Thought Greene has the lower arm slot, you can tell from the position of the ball against the stadium grass that he has the higher release point. On a related note, Greene is listed as 6-foot-5 on Baseball-Reference, whereas Strider is listed as 6-foot-0. For the latter, a lack of height actually works in his favor, as Strider is able to get on top of the ball without having to drastically raise his release point. You can also tell from their respective deliveries that Strider releases the ball closer to home plate than does Greene. The benefit of added extension is straightforward: To a hitter, the pitch appears faster and is thus trickier to deal with. Triple digits from Strider is more devastating than triple digits from Greene.

These are a lot of details and numbers, so as a recap, below is a table comparing the relevant metrics on the two rookies’ fastballs. Why is Strider earning such better results on his heater? Because it’s superior in a lot of ways:

Greene vs. Strider, Fastball Metrics
Pitcher Velocity V Mov (in.) H Mov (in.) V Rel (ft.) H Rel (ft.) Extension (ft.)
Hunter Greene 98.5 16.1 11.4 6.0 2.4 6.4
Spencer Strider 98.3 17.5 5.5 5.6 2.1 6.9
SOURCE: Alex Chamberlain’s Pitch Leadboard
Negative values for horizontal movement and release point have been flipped for ease of reading.

Long ago, scouts judged fastballs based on their velocities. The harder a pitcher threw, the better his fastball. We’re still inclined toward velocity, and it’s through this simple and widespread measure that Strider and Greene seem equal. But dig deeper, and the superficiality begins to fade away. Compared to Greene, it’s Strider who not only creates more vertical movement, but also unleashes it through a lower release point and lengthier extension. His approach angle is flatter as a result, giving the illusion of rise.

The importance of vertical movement, release point, and extension isn’t revolutionary — the baseball industry caught up to it years ago — and yet, I’m not sure if these variables are being emphasized enough. This year, our top prospect lists pegged both Greene and Strider as having 80-grade fastballs. Eric Longenhagen and others did take shape into consideration, and I have the utmost respect for their hard work. But in retrospect, I don’t think Greene warrants the coveted 80 mark. His velocity is generational, but it doesn’t quite make up for the myriad flaws he has, a fact reflected in his inability to stifle opposing batters.

This doesn’t mean Greene’s fastball is bad by any stretch of the imagination — sitting 98–99 mph, how could it possibly be? And I certainly don’t believe he’ll be saddled with a 5.43 FIP for an entire season; his talents and athleticism are too great for such an abysmal total. On the flip side, Strider probably isn’t a low-2 FIP guy moving forward. Though his command of it is a smidge worse, Greene’s slider has been a more reliable weapon than Strider’s, and it’s Greene who has the prototypical starting pitcher frame, not the relatively diminutive Strider. Those are aspects we should consider as well.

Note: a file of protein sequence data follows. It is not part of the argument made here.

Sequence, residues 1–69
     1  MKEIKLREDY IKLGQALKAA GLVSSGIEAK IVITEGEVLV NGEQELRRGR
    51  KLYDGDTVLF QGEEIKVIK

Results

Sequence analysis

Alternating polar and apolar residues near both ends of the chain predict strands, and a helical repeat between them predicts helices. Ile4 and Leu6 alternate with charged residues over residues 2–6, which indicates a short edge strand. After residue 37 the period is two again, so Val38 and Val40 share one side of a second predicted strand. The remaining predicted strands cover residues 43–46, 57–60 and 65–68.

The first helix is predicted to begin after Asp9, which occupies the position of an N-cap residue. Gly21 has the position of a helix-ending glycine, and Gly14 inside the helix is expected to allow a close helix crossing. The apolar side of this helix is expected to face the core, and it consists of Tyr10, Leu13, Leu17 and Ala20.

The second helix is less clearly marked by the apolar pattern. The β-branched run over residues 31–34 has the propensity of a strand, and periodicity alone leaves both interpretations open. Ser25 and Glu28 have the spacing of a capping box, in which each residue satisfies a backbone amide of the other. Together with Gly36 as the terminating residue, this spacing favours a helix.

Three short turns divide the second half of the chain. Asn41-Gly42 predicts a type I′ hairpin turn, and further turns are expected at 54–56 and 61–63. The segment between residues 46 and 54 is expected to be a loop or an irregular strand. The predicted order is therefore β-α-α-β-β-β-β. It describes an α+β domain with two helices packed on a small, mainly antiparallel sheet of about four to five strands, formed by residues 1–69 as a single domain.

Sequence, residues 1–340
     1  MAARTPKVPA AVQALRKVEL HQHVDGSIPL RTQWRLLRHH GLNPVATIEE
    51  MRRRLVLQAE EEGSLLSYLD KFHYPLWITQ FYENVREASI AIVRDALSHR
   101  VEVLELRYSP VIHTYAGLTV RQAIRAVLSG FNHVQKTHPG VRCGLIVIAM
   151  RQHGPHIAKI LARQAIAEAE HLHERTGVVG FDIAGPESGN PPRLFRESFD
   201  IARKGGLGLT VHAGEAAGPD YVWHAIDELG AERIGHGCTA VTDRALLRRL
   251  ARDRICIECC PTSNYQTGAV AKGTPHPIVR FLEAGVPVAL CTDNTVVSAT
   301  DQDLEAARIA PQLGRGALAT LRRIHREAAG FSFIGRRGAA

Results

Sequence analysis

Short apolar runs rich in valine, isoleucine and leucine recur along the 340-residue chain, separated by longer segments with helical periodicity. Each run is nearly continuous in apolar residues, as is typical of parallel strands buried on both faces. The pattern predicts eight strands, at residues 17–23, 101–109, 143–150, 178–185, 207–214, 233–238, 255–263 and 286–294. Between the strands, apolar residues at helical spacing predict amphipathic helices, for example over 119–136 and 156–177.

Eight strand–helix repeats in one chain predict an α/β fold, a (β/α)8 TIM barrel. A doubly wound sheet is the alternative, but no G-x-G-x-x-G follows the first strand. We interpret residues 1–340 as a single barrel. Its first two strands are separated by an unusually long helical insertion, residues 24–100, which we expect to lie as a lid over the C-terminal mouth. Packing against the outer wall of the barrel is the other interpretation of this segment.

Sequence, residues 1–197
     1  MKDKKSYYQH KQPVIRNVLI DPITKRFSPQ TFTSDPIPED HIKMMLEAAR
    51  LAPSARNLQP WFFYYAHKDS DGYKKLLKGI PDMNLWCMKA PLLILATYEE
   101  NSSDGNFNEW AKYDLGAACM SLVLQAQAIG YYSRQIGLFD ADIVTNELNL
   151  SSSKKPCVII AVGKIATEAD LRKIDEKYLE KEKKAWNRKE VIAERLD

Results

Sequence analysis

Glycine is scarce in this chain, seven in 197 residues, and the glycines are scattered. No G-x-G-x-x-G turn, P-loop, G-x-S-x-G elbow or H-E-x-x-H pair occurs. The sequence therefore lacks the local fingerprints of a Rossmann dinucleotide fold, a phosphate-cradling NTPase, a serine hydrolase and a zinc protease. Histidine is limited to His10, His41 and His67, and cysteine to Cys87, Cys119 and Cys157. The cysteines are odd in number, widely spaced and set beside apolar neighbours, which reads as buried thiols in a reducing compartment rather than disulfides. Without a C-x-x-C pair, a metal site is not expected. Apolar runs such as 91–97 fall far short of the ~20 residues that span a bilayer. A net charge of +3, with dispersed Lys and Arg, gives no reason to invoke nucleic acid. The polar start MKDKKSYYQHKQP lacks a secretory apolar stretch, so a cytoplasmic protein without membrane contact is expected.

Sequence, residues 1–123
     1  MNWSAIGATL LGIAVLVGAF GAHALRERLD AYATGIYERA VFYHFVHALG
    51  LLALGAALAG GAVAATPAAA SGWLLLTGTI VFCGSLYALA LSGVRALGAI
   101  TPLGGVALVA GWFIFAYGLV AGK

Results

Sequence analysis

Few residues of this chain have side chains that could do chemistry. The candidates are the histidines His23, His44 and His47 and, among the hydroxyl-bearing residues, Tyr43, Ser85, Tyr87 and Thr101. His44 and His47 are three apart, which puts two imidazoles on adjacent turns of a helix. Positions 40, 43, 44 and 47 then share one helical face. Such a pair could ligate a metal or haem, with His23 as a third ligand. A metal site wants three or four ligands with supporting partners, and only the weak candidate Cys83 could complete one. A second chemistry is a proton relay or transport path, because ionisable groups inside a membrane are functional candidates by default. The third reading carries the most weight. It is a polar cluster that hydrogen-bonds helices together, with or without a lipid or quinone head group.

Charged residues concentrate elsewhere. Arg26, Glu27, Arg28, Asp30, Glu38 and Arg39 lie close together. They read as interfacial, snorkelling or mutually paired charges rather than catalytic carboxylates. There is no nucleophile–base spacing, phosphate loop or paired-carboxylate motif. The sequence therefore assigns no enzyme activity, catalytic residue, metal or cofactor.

But this article is primarily about their fastballs, and why one has outshined the other despite initially receiving less fanfare. That Greene’s heater has been hittable seems like a mystery at first, but upon further inspection, perhaps it really isn’t. Velocity matters, but more importantly, so does shape. As they say, the devil is in the details. Pitching is no exception.

All statistics in this article are through games of July 13.





Justin is a contributor at FanGraphs. His previous work can be found at Prospects365 and Dodgers Digest. His less serious work can be found on Twitter @justinochoi.

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Colby Olsonmember
2 months ago

Great article, Justin! I’m curious as to how you would go about optimizing Greene’s fastball?

RonnieDobbs
2 months ago
Reply to  Justin Choi

Do you really think that he can change the way he throws and that this will work? I can tell that you don’t based on your comment. You might as well mess with the delivery or anything else because there is no reason to think that anything different is going to work. Greene relies on athleticism. He has been a freak athlete since HS. Nobody should be surprised that he isn’t the craftiest master of improvisation or that he is going to get pounded trying to overwhelm MLB hitters. He is here because he throws hard.

RonnieDobbs
2 months ago
Reply to  Colby Olson

You need to enter the secret Konami code on the team select screen. On the following screen tap A twice. Either that or enter the player editor. Bottom line, it is as simple as someone other than Hunter Greene fixing it – they just have to be smart enough to do it. Next time he has a good start you will know that it was me actually.